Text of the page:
Research findings: what do studies say about arnica?
According to existing research, arnica owes its health benefits to its chemical constituents, bioavailable compounds found naturally in the flower heads of the species. More and more studies confirm the effectiveness of arnica-based gels and topical ointments in the treatment of osteoarthritis swelling and pain, especially in the hands and knees (Arnica montana gel in osteoarthritis of the knee: an open, multicenter clinical trial, 2002 and Homeopathic arnica therapy in patients receiving knee surgery: Results of three randomised double-blind trials, 2006).
Moreover, some studies suggest that gel preparations from arnica may be as efficient as non-steroidal anti-inflammatory medication such as ibuprofen, but with less side effects when used as prescribed (Choosing between NSAID and arnica for topical treatment of hand osteoarthritis in a randomised, double-blind study). Topical preparations can successfully relieve muscle swelling causing pain and discomfort as well as inflammation related to sprains.
Arnica has been shown to efficiently and rapidly help treat skin conditions such as deep bruising as a result of injury and trauma, bruising following surgery, even acne and superficial leg vein inflammation or other skin conditions requiring pain relief and swelling reduction (Effect of homeopathic Arnica montana on bruising in face-lifts: results of a randomized, double-blind, placebo-controlled clinical trial).
Numerous surgeons prescribe it to their patients for its antimicrobial, anti-inflammatory and pain-relieving properties. Arnica before surgery is believed to reduce blood clot risks. Nevertheless, in both cases, the use of the plant should be regulated and directly supervised by a medical professional. Helenalin, the same irritating compound in arnica, also exhibits antitumor properties and may exert toxic effects on cancer cells as well.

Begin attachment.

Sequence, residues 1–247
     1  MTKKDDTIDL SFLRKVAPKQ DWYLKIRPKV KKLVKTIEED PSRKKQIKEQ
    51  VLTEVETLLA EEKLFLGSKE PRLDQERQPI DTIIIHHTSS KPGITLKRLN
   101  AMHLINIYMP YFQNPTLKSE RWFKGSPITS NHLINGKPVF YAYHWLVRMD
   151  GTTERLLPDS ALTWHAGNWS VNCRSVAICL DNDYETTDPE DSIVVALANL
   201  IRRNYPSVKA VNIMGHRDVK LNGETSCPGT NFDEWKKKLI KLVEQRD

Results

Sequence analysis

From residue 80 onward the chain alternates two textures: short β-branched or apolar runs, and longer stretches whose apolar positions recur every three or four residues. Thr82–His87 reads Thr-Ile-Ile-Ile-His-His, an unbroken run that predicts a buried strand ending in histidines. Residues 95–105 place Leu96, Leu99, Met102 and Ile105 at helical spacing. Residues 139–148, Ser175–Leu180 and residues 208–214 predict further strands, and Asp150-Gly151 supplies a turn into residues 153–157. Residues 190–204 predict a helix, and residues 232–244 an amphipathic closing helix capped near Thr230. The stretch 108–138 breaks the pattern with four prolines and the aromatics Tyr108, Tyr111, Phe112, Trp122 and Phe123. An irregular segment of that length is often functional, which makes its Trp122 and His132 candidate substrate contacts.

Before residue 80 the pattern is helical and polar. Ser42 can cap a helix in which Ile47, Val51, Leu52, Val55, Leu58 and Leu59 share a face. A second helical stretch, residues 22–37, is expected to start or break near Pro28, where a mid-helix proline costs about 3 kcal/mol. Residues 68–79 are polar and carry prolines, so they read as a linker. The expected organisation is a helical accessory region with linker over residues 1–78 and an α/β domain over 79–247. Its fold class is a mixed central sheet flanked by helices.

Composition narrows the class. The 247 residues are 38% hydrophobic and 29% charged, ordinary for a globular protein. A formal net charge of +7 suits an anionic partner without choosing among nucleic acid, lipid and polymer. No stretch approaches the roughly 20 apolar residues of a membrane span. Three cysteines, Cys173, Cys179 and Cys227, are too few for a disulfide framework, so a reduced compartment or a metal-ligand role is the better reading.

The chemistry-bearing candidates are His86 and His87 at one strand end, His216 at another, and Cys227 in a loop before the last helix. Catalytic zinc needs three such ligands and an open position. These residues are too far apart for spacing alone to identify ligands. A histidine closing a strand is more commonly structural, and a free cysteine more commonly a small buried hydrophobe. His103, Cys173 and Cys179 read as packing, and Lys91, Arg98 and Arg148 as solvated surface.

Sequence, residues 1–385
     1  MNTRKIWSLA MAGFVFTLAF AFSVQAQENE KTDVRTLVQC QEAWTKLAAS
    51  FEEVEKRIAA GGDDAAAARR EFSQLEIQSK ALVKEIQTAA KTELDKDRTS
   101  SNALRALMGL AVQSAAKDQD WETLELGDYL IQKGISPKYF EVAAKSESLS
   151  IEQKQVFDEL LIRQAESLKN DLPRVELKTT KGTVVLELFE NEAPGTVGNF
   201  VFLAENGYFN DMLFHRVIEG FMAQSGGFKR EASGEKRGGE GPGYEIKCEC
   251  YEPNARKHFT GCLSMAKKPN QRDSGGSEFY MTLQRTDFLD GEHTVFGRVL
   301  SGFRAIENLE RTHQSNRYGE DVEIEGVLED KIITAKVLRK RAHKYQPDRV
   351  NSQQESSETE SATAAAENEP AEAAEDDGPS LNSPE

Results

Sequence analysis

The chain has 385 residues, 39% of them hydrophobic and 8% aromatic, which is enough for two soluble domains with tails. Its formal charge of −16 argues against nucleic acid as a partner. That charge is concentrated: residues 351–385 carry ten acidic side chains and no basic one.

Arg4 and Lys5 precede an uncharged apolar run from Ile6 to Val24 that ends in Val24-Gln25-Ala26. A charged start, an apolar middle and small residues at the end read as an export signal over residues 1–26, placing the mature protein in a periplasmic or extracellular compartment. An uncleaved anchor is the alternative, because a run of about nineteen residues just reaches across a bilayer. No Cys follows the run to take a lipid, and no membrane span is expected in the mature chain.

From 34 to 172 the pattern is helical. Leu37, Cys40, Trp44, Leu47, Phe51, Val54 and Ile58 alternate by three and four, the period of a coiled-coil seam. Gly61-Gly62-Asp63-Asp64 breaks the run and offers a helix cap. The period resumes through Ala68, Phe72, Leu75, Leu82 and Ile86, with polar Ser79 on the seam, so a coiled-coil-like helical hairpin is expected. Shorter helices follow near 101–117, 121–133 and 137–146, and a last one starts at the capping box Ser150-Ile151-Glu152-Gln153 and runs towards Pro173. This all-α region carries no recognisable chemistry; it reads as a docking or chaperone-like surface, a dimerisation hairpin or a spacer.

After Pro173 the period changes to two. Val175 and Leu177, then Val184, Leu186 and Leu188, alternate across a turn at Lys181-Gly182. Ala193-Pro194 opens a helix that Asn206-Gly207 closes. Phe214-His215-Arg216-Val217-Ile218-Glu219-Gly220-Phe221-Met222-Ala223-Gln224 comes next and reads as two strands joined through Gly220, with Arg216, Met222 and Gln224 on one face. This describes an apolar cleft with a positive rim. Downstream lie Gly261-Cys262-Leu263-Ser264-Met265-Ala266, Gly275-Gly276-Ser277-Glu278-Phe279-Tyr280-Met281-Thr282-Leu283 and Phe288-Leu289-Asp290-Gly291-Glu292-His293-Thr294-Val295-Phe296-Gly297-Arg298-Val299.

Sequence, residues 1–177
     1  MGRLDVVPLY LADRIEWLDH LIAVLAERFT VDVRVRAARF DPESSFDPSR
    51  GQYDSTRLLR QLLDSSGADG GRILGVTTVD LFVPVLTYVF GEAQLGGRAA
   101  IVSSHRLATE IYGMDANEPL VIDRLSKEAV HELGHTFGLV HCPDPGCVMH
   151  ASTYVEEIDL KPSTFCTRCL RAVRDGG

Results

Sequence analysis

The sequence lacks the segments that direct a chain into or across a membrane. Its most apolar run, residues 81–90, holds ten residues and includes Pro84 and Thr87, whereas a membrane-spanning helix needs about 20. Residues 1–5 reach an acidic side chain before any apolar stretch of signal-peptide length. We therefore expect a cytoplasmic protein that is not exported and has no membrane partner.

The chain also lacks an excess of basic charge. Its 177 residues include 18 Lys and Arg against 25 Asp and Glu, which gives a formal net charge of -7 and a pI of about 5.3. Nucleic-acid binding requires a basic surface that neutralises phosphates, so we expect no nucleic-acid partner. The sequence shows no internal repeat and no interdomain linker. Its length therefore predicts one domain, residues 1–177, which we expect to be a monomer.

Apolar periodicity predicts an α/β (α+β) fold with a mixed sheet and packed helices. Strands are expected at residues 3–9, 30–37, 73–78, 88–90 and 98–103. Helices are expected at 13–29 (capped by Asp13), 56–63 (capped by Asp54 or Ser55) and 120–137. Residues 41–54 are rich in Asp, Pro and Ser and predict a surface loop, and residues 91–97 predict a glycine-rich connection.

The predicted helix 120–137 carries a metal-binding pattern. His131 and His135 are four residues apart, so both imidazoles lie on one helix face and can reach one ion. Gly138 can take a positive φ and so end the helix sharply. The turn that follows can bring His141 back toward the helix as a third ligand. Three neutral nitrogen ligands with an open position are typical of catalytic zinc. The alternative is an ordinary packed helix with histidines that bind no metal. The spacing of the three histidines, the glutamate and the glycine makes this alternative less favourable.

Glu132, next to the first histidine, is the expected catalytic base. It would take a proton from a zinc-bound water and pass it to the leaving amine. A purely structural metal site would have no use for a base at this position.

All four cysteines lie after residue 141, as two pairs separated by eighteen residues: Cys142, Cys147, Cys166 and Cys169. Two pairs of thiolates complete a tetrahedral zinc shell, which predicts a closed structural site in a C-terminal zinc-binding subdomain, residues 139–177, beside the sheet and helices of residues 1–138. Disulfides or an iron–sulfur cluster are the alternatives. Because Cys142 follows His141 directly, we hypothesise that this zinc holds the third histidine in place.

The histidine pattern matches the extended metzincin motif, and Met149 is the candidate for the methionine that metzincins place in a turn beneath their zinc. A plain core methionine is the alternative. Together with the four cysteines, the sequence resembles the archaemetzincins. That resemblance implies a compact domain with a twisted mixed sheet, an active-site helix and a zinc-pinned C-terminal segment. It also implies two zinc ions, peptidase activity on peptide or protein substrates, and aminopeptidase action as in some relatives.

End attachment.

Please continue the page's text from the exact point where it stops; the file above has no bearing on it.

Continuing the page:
The higher the concentration of Arnica montana in a topical gel, tincture, extract, etc., the more pronounced its health benefits. Nevertheless, do not eat arnica flowers. If consumed in large amounts, the plant can have toxic effects due to its helenalin content. Helenalin is a type of sesquiterpene lactone and may cause skin irritation, eczema or peeling when applied topically, especially on open wounds.
If ingestion of large doses of pure arnica occurs, it can trigger severe gastrointestinal problems such as vomiting, internal bleeding, shortness of breath, dizziness, vision loss, kidney damage, liver damage even coma. Overdose with homeopathic arnica products can have the same side effects, despite the products containing extremely low amounts of the plant.
Arnica is not recommended during pregnancy and following birth. The plant is believed to increase miscarriage risks and pass into the mother’s milk, posing serious health risks for newborns. Moreover, the herb may potentiate the effects of anticoagulants and, as a result, anyone under anticoagulant medication should talk to a medical professional before taking any form of the plant.
Overall, available preparations of the Arnica montana plant are safe and exhibits quite potent anti-inflammatory, pain-relieving and antibacterial activity. Oral preparations or pure extracts, however, may pose serious health risks when recommended doses are exceeded. Swollen leg veins, deep bruises, osteoarthritis joint pain and general muscle pain can be relieved with the help of arnica preparations.